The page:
From: Héctor Pérez-Urbina <hector@clarkparsia.com>

Date: Mon, 14 Jan 2013 15:44:39 -0500

Message-ID: <CAKSqmQ5RYAPDB2RgUrJjSB2thQNcZQ3sEboMuA+C8g1A7rz3bw@mail.gmail.com>

To: jcheney@inf.ed.ac.uk

Cc: public-prov-comments@w3.org

Date: Mon, 14 Jan 2013 15:44:39 -0500

Message-ID: <CAKSqmQ5RYAPDB2RgUrJjSB2thQNcZQ3sEboMuA+C8g1A7rz3bw@mail.gmail.com>

To: jcheney@inf.ed.ac.uk

Cc: public-prov-comments@w3.org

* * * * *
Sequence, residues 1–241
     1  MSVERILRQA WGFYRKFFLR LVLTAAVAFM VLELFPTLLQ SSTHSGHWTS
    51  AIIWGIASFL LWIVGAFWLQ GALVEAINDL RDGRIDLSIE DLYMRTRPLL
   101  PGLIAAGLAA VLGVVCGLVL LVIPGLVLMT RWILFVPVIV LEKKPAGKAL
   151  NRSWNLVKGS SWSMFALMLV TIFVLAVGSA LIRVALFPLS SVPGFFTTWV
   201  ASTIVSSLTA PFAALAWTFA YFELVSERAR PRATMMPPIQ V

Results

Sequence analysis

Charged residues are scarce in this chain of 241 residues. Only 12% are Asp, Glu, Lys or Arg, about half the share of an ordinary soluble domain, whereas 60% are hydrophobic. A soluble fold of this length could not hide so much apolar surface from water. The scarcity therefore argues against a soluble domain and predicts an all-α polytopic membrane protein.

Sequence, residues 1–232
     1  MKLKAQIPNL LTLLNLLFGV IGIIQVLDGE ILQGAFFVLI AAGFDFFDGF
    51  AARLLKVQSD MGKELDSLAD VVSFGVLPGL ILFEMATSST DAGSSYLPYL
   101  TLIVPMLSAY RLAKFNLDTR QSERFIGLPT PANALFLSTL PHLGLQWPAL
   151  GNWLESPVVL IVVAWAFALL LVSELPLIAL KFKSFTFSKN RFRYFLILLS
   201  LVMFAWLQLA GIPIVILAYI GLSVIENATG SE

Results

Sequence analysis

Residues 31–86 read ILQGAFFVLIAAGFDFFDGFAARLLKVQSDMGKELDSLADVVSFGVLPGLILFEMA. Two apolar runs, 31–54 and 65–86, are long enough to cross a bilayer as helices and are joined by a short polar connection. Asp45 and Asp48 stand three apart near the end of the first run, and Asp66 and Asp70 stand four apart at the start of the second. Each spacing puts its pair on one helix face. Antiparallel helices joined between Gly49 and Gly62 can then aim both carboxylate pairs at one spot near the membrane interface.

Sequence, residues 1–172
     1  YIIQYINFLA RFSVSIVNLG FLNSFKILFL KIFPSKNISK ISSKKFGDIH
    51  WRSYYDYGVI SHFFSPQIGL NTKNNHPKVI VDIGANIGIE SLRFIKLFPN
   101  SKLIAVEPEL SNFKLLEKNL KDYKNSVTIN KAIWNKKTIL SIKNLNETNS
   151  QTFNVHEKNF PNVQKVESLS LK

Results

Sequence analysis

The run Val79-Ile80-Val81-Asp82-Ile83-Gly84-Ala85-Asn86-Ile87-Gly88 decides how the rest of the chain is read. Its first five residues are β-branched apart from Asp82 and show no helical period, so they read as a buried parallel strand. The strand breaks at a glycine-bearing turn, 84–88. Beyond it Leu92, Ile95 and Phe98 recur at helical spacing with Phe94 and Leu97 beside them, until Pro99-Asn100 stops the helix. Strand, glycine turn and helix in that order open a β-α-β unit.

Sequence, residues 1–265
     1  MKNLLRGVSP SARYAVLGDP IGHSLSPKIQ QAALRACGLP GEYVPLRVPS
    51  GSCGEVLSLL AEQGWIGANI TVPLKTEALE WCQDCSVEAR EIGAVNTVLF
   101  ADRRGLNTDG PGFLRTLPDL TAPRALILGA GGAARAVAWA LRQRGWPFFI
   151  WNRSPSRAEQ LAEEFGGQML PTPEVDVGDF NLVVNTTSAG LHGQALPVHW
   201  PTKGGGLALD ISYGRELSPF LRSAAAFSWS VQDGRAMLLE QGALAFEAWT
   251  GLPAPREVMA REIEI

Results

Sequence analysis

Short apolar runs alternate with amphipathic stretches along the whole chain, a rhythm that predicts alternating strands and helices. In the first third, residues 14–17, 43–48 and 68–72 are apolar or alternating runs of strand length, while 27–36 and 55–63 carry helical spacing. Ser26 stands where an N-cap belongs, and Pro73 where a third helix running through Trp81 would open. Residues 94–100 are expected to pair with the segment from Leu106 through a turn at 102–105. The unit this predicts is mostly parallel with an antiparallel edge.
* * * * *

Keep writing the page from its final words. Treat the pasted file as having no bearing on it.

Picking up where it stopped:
Hi James, Thank you for your response. On Mon, Jan 14, 2013 at 10:49 AM, Evren Sirin <evren@clarkparsia.com> wrote: > ---------- Forwarded message ---------- > From: James Cheney <jcheney@inf.ed.ac.uk> > Date: Tue, Jan 8, 2013 at 5:36 AM > Subject: Re: PROV comments from Clark&Parsia > To: Evren Sirin <evren@clarkparsia.com> > Cc: public-prov-comments@w3.org > > > Hi Evren, > > Thanks for your feedback. I just wanted to respond to the comments > about the constraints to make sure I understand them, to inform (my > part of) the eventual formal response from the WG. > > On Jan 4, 2013, at 5:23 PM, Evren Sirin <evren@clarkparsia.com> wrote: > > > Hi all, > > > > We are working towards supporting PROV inferences and constraints in > > our RDF database Stardog [1]. Below are some comments about PROV > > specification documents that we identified while working on our > > implementation. > > > > * PROV Constraints > > > > 1. The flow control arrows in Figure 1 seem to be backwards. > > I believe this is because the arrows correspond to > "derivation/generation/use" steps, which go backwards in time in PROV. > The caption of the figure is "Overview of the Validation Process" so I assumed that the process would start with the PROV instance(s) and then continue to 'Validity' after 'Normalization Activity'. In any case, this is a minor detail. > > > 2. Definition 2.1 seems to be missing the id on the right-hand side. > > Actually, since this definition applies to entity, agent or activity > statements, the "id" argument is just the first ordinary parameter, > namely a_1. Ids cannot be optional for these statements so they are > treated uniformly with the other parameters. It would be equivalent > to write out the three equivalences: > > entity(id) IF AND ONLY IF entity(id,[]) > activity(id,t1,t2) IF AND ONLY IF activity(id,t1,t2,[]) > agent(id) IF AND ONLY IF agent(id,[]). > > spelling out how to expand attribute lists for entity, activity and > agent, and perhaps we should just do this to avoid confusion? > I see. Yes, since the convention is to denote ids differently from attributes, I think this alternative would be clearer. > > > 3. Since uniqueness constraints are ‘applied’ and can derive new > > atoms, it is misleading to call them constraints. The same applies to > > typing constraints. > > This is a reasonable view, but I'd prefer to stick with the existing > terminology. The rationale for it is as follows: > > - uniqueness "constraints" do not infer new PROV statements, rather > they result in either merging two statements that contain compatible > information, or in failure. - typing "constraints" do not infer new PROV statements, rather they > infer auxiliary non-PROV atomic formulas about typing of identifiers, > which can in turn lead to detecting invalidity. > - ordering "constraints" do not infer new PROV statements, rather they > infer auxiliary ordering formulas that could in turn lead to > invalidity. > I can see typeOf and (strictly) precedes as nonPROV predicates. But why is a statement resulting from a uniqueness constraint not considered a PROV statement? I'll use an example to clarify my point. Assume variable names start with an x or a y, and all other terms are assumed to be constants. Let's take Constraint 24: C24. IF wasGeneratedBy(x0; x1, x2, x3, x4) and wasGeneratedBy(y0; x1, x2, y3, y4), THEN x0 = y0. Now, let's suppose we have the following PROV instance I: A1. wasGeneratedBy(gen1; e,a, t1, []). A2. wasGeneratedBy(y; e,a, t1, [attr1=value1]). The enforcement process is as follows: Given a constraint: IF hyp1 and ... and hypn THEN t1 = u1 and ... and tn = un. 1. Suppose PROV instance I contains all of the hypotheses hyp1 and ... and hypn. There's an issue here. Instance I does not contain the body atoms of C24; it contains A1 and A2. You should probably say that "I contains atoms that can be unified with hyp1, ..., hypn via some substitution P". 2. Attempt to unify all of the equated terms in the conclusion t1 = u1 and .... and tn = un. 3. If unification fails, then the constraint is unsatisfiable, so application of the constraint to I fails. If this failure occurs during normalization prior to validation, then I is invalid, as explained in Section 6. We have that P(x0) = gen1 and P(y0) = y, so we need to unify gen1 and y, resulting in S = {y -> gen1}. 4. If unification succeeds with a substitution S, then S is applied to the instance I, yielding result S(I). Here's a minor issue. It's unnecessary to apply S to the whole instance, it suffices to apply it to the atoms involved; namely, A1 and A2. Anyways, S(I) would look like: A1. wasGeneratedBy(gen1; e,a, t1, []). A2. wasGeneratedBy(y; e,a, t1, [attr1=value1]). A3. wasGeneratedBy(gen1; e,a, t2, [attr1=value1]). // S(A2) = A3 We have inferred some attributes for gen1. I don't see why A3 is not to be considered a PROV statement. > - only "inferences" result in new PROV statements being added to the > instance, and only "constraints" can result in failure. > > Of course, logically, distinguishing between PROV statements and > auxiliary atoms is arbitrary, and there is no real reason to > distinguish between inferences and constraints - we could simply call > everything an inference. If there is a general consensus that the > existing terminology is confusing to implementors we will revisit > this. > I wonder if it would be clearer to capture the notion of validity (and the different kinds of constraint) simply with impossibility constraints. For example, after capturing the semantics of precedes and strictlyPrecedes, we could have: strictlyPrecedes(x, x) -> FALSE. Or for every pair <A,B> of disjoint types, we could have: typeOf(x, A), typeOf(x, B) -> FALSE. and so on. > > > 4. The definition of enforcement of uniqueness constraints states one > > should apply the resulting substitution to the whole PROV instance. > > However, the scope of the variables is not sets of rules. > > I'm not sure I understand this comment. I believe you are indicating > that the explanation of what it means to apply a uniqueness constraint > is unclear, because it has nonlocal effects on the whole instance that > go beyond the statements mentioned in the constraint. Will explaining > this more clearly (possibly via an example) help, or am I missing the > point? > I mentioned this point briefly in the example. In order to enforce a uniqueness constraint, it is not necessary to apply S to the whole instance.. > > > 5. Inference 9 (wasStartedBy-inference) should be: IF > > wasStartedBy(_id; _a,e1,a1,_t,_attrs), THEN there exist _gen and _t1 > > such that wasGeneratedBy(_gen; e1,a1,_t1,[]). > > 6. Inference 10 (wasEndedBy-inference) should be: IF wasEndedBy(_id; > > _a,e1,a1,_t,_attrs), THEN there exist _gen and _t1 such that > > wasGeneratedBy(_gen; e1,a1,_t1,[]). > > 7. Inference 15.4 should be: IF wasStartedBy(id; a2,e,_a1,_t,attrs) > > THEN wasInfluencedBy(id; a2, e, attrs). > > 8. Inference 15.7 should be: IF wasDerivedFrom(id; e2, e1, _a, _g, _u, > > attrs) THEN wasInfluencedBy(id; e2, e1, attrs). > > Here (in 5-8), the changes you are proposing are just to add "_"s > before some variables that only appear once, correct? This seems > fine. > Yes. > > > 9. Constraint 56 should be: IF hadMember(c,e) and > > 'prov:EmptyCollection' ∈ typeOf(c) THEN INVALID. > > > > I believe here you are pointing out that we wrote "hasMember" which > should have been "hadMember", right? If so, you're right - thanks! > No problem. > > If I understand correctly I believe none of the above changes affect > the technical content of the specification (i.e. adopting them will > not break existing implementations), so it should be no problem to > address them in a future version of PROV-CONSTRAINTS. > > Thanks again for your comments and careful reading, > > --James > > > > -- > The University of Edinburgh is a charitable body, registered in > Scotland, with registration number SC005336. > -- Best, HéctorReceived on Monday, 14 January 2013 20:47:48 GMT